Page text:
Meet a Progressive: Investigative Journalist Dawn Paley
Dawn's journalism is her contribution to building a more just world.
Dawn Marie Paley is an investigative journalist and author based in Mexico. Her first book is called Drug War Capitalism (AK Press, 2014), and her second book is called Guerra Neoliberal: desaparición y búsqueda en el norte de México (Libertad Bajo Palabra, 2020).
Photo by Murray Bush - Flux Photo
What inspired you to start working for progressive social change?
I first got involved in environmental issues as a teenager, my parents lived across from a small forested area that was slated to be logged. I began organizing with my neighbors to end logging in the area.
In my early 20s, I moved to the city of Vancouver and got involved with independent media markers, we co-founded the Vancouver Media Co-op before the 2010 Olympics in the city. The call out for that convergence was "no olympics on stolen native land" and we were part of movement media covering the anti-colonial and anti-capitalist resistance to the Olympics.
Rents surged the year after the Olympics and many folks were priced out of the city. It was around then that I moved to Mexico, at that point I was already researching for my first book Drug War Capitalism. I've been here ever since, mostly working as a journalist and researcher.
What do you identify as the top issues progressives must confront nationally (in Mexico and/or Canada) and globally?
To me the most exciting movements taking place right now are connected to the abolition of police and prisons; ending prohibition and fighting for a safe supply of narcotics; organizing by women and trans folks against state and macho violence –including enforced disappearance– and Indigenous struggles for autonomy and land back. I think these points of mobilization are really powerful because they confront systems that have been failing communities for centuries in a non-reformist way. There's so much else going on that's inspiring as well, so it's a hard question to answer!
What types of organizing and projects are you working on right now?
Over this last bit, to be honest I've mostly been resting and hanging with my partner and cat, hoping to recharge my batteries after a couple of pretty stressful years. I'm slowly working on researching for a new book, and coordinating translations and an English newsletter with Pie de Página, an independent media outlet in Mexico City. You can sign up for our twice monthly newsletter, which features original translations and news and analysis on events in Mexico, here.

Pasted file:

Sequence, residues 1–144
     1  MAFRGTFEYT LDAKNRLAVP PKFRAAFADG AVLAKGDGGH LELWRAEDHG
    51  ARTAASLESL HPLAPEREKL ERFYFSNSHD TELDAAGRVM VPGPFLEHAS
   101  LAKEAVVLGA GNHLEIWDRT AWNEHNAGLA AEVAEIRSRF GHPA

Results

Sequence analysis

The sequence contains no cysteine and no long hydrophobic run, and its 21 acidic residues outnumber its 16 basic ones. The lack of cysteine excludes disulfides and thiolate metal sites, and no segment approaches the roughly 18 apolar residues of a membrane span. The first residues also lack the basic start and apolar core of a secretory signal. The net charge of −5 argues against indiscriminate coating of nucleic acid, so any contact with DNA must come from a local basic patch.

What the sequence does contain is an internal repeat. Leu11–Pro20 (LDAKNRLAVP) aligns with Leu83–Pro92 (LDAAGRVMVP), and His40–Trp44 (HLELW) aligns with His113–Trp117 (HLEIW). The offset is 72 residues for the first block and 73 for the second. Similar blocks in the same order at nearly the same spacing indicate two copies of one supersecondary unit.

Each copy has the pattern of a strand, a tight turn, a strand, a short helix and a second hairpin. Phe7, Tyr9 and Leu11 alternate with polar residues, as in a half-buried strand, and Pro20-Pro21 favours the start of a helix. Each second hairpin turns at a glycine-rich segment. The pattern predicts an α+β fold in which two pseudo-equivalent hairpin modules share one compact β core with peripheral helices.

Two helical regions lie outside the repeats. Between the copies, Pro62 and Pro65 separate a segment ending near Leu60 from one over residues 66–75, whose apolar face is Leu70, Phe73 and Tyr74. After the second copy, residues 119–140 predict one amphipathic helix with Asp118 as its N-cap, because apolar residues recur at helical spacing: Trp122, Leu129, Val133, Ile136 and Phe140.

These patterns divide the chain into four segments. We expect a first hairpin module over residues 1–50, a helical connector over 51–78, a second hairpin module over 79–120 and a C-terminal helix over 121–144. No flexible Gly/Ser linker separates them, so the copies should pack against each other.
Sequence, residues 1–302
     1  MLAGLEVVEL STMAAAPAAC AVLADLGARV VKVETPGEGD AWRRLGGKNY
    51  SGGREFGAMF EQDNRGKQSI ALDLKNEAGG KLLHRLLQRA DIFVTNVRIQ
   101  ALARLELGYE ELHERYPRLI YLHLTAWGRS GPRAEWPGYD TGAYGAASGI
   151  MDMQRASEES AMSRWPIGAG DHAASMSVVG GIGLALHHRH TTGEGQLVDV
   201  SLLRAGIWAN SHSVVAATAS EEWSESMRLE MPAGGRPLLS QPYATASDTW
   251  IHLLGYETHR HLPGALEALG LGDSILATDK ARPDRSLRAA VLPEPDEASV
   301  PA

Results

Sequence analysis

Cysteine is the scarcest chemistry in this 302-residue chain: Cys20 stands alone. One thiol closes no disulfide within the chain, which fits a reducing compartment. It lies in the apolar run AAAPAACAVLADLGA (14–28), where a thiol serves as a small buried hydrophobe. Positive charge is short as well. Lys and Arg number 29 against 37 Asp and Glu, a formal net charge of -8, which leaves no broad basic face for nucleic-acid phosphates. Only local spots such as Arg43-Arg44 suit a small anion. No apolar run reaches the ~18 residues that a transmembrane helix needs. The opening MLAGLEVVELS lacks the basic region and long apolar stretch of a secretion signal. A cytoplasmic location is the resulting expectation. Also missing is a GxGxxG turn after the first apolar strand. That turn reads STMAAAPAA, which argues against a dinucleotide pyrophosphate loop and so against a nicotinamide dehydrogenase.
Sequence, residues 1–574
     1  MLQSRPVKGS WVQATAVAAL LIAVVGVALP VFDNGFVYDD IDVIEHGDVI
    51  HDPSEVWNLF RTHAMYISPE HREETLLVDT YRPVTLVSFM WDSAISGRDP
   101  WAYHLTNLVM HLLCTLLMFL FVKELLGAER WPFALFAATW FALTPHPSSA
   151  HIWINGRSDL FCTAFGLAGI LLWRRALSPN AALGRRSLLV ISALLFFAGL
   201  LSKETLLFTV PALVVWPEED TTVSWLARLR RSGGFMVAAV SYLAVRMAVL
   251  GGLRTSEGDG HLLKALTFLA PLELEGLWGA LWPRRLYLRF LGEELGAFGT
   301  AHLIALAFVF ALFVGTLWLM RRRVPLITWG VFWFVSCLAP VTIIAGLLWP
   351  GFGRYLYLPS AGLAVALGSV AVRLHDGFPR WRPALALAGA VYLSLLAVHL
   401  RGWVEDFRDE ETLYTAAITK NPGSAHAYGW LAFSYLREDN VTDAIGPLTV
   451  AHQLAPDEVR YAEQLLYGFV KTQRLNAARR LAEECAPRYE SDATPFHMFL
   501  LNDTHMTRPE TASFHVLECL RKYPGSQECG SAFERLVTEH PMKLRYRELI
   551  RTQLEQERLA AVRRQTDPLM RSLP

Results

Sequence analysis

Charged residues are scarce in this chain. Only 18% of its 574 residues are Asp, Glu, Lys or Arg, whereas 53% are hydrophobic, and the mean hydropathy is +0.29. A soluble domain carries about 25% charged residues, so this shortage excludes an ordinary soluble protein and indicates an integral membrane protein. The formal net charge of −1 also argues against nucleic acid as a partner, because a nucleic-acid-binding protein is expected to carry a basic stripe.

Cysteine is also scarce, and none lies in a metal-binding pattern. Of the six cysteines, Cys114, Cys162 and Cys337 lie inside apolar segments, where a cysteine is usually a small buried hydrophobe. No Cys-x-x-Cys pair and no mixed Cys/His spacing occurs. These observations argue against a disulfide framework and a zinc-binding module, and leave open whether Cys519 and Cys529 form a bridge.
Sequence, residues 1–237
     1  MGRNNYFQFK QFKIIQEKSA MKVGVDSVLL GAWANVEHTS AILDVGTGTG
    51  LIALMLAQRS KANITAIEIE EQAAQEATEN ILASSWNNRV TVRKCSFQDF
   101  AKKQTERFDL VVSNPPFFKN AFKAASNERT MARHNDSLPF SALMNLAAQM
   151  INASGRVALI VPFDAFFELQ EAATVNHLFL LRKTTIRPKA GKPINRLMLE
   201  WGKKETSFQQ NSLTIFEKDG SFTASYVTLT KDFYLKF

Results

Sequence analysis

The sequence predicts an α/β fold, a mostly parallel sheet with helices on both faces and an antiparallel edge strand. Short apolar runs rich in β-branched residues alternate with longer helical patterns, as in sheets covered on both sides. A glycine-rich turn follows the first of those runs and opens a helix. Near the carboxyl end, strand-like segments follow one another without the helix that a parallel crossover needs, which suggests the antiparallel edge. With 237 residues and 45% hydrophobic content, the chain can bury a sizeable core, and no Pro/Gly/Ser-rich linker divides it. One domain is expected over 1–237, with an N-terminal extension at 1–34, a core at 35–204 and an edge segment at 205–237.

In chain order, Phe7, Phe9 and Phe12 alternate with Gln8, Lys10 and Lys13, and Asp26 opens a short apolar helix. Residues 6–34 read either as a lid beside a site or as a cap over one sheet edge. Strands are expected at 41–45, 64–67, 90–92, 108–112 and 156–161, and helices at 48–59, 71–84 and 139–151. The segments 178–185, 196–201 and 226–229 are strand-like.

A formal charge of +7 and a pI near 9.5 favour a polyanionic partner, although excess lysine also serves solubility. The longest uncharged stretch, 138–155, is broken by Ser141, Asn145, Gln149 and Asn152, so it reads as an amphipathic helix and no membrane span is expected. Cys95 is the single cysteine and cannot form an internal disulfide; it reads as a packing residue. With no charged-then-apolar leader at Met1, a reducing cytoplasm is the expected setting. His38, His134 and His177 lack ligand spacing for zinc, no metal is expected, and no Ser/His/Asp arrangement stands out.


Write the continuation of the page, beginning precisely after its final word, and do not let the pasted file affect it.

How can folks get engaged and involved?
Getting involved locally is so important, and I know Cyril does a great job of pointing to ways for folks in Bucks County to plug in to ongoing local activism. There's so much organizing going on. Definitely it's worth supporting the struggle in defense of Wedzin Kwa however you can, there's also folks in the US organizing in direct solidarity with family members of the disappeared in Mexico. Those are just a couple of examples...
Which journalists, writers, podcasts, and publications do you turn to for information and inspiration?
This is a really big question. This year I've read and enjoyed Miriame Kaba's excellent book We do this 'til we Free Us, and Harsha Walia's Border and Rule. I also love to read novels. The last one I couldn't put down was The Shadow King by Maaza Mengiste.
In terms of podcasts, recently I've mostly been listening to Victor's Children from Winnipeg, which does a deep dive on the roots of socialist thinking and organization; The Fire These Times, hosted by Joey Ayoub, which features interviews with really smart folks and anti-authoritarian perspectives on a variety of global issues; and Crackdown, which is a podcast on the drug war made by drug user activists in Vancouver.
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Thanks for reading! I look forward to your feedback and suggestions. And most importantly, keep organizing!